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February 08, 2006

The History of The Times: The Murdoch Years - Graham Stewart

Posted by Harry Phibbs

The History of The Times: The Murdoch Years
by Graham Stewart
Pp. 736. London: Harper Collins, 2005
Hardback, £30

This book has an awkward status. Stewart acknowledges that it is an "official" history. He was given privileged access to private correspondence and business documents. It seems unlikely to be a mere coincidence that the book is published by Harper Collins, which, like The Times, is owned by Rupert Murdoch. Stewart insists that it is not an "authorized version of events". But he admits that there will be the same accusation that used to be levelled at obituaries in The Times - "sniff of an inside job".

Whatever criticisms might be made of Murdoch's suitability to own such a prestigious journal, a grim fate awaited it before he came along. It was, like the rest of Fleet Street, in the grip of the print unions. Murdoch may be the leading hate figure for the Left (perhaps after President Bush). That did not mean that those on the Left approved of the print unions.

Tim Austin, who worked at The Times from 1968 right through to 2003 is quoted in the book saying:

We couldn't stand the print unions. They'd been screwing us for years. You didn't know if the paper was going to come out at night. You would work for it for ten hours and then they would pull the plug and you had wasted ten hours of your life.
Before Murdoch bought it, The Times had spent nearly a year when it was not published at all. This meant it was unable to report Margaret Thatcher's election as Prime Minister in 1979. The final straw came when - after this particular dispute with the print unions had been resolved and the paper started publishing again - the journalists went on strike. Although that strike only lasted a week it broke the will of the management to continue. The editor William Rees-Mogg wrote a leader entitled How to Kill a Newspaper. The owner Lord Thomson decided to sell.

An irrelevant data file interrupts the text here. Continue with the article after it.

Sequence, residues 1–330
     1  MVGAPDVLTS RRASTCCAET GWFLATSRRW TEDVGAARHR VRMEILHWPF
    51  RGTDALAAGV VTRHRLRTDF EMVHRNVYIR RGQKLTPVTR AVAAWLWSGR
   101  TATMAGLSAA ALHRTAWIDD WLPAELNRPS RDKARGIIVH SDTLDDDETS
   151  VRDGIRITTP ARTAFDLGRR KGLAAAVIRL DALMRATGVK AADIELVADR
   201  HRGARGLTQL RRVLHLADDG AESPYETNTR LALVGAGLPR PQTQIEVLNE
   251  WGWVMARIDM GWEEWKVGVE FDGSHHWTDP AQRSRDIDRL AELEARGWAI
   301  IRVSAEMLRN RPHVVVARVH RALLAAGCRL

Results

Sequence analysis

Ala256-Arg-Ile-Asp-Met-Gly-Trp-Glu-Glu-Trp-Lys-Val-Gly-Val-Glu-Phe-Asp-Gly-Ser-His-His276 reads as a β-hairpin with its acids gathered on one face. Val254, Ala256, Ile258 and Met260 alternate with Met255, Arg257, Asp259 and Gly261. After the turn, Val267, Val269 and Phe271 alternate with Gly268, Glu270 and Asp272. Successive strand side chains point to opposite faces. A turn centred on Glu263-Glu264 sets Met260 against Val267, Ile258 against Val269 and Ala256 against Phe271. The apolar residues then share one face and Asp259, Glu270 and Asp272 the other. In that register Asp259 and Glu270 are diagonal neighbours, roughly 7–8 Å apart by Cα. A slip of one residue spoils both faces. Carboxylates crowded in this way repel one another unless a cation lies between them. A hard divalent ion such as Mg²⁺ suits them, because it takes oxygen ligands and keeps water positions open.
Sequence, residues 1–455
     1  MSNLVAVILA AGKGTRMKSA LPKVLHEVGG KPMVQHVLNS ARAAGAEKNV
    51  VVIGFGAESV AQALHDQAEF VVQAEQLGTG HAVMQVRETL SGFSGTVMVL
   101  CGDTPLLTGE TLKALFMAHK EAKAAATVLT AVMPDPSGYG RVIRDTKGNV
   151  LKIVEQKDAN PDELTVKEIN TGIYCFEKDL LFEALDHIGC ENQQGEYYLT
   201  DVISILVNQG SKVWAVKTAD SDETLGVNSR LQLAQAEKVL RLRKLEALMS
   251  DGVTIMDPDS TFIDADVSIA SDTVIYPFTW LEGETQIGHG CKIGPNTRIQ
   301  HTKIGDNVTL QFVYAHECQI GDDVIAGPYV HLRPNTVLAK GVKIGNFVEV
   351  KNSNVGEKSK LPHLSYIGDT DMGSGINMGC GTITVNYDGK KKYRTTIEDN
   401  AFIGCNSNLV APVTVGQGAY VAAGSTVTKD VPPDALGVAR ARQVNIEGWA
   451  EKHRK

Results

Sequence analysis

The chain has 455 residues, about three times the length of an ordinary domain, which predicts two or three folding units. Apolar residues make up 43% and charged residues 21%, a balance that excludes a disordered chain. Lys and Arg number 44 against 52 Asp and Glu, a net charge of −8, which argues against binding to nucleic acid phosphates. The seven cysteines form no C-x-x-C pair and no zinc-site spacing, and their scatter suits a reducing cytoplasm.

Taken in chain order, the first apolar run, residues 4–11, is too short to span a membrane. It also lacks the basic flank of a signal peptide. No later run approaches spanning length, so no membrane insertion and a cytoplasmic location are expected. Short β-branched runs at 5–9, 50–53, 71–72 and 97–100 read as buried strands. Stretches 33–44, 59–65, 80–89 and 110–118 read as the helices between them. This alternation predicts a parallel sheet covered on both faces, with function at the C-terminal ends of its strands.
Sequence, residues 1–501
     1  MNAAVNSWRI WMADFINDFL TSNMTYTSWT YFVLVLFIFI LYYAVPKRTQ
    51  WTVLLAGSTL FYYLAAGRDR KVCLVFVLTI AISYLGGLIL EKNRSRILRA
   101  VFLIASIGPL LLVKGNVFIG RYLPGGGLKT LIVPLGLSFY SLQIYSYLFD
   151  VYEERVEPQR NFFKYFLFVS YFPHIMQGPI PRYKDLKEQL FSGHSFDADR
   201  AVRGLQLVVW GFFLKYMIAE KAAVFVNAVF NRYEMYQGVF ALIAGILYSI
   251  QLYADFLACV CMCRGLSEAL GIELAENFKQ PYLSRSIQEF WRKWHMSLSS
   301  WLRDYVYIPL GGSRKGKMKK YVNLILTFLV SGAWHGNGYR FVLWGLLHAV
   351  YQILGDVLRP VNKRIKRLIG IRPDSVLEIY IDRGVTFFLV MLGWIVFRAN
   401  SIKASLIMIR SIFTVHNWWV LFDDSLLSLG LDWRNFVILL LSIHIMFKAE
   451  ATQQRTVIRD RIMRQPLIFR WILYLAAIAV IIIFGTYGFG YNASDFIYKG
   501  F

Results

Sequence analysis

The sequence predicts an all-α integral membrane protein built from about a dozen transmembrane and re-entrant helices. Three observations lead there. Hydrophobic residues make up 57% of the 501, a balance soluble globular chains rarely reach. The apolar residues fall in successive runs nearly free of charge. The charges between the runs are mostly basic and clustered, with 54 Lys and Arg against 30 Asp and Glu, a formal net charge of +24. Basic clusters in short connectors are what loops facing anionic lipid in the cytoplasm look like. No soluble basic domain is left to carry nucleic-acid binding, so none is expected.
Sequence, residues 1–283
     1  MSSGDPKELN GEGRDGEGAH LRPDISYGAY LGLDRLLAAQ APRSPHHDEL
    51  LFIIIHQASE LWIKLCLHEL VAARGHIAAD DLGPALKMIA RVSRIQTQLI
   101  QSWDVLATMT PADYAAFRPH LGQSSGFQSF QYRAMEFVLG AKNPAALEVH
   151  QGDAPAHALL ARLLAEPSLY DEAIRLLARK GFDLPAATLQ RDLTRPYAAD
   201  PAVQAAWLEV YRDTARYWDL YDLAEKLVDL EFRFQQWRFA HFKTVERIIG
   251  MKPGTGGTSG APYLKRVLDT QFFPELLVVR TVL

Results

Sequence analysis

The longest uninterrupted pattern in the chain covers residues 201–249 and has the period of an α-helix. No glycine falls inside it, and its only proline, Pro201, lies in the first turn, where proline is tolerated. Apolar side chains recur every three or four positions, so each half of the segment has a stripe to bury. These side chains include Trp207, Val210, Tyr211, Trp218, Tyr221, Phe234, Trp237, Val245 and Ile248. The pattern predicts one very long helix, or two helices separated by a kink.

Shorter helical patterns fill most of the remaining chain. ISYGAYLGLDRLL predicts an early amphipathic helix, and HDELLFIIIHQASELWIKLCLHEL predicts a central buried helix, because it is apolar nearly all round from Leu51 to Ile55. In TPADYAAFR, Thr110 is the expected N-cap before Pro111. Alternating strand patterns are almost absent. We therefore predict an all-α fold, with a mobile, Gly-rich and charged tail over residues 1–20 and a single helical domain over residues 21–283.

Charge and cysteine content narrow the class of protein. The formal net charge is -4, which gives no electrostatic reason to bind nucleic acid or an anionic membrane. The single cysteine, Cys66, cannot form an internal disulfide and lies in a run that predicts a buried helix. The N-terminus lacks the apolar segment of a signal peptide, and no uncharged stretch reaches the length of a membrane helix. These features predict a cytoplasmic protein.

After something of a tussle Murdoch managed to buy it. As the paper had been losing money a referral to the Monopolies Commission was not required. Perhaps to placate his critics Murdoch's first editor was Harold Evans, a mild Leftist.

One of the curious aspects of this book is the odd mix of soap opera anecdotes about feuding journalists with high minded accounts of the influence of public pronouncements in The Times on such matters as the Falklands war or the economy. The problem with the latter material is it often ends up reading like a synopsis of modern British political history rather than an account of the fortunes of a newspaper.

The former material gives a good feel for the childishness and muddled rivalry of journalists who earn a living noting the failings of others. Here is an account of a spat circa 1982 between Michael Leapman, the New York correspondent, and Brian Horton the Foreign Editor:

One of Horton's techniques was to unsettle Leapman by sending him dismissive comments about the quality of his grammar. Not that Horton knew any better. He covertly obtained the judgments of the literary editor Philip Howard, who innocently thought Horton was seeking advice on grammatical matters, as a form of self-improvement. Leapman, meanwhile, continued to express dissatisfaction and when Evans demanded an assurance of a "reasonable" attitude, he resigned, preferring to become "William Hickey" on The Express instead.
After Evans resigned Charles Douglas-Home became editor and The Times came off the fence politically. For instance, when it came to the cold war there was no equivocation, no agonising efforts to find accommodation with the Soviets through a return to détente. There was an intellectually rigorous rebuttal to the arguments of CND. Given that in the early 1980s it was generally assumed that the Soviet system was permanent, Douglas-Home was ahead of his time in calling for it to be defeated rather than accommodated.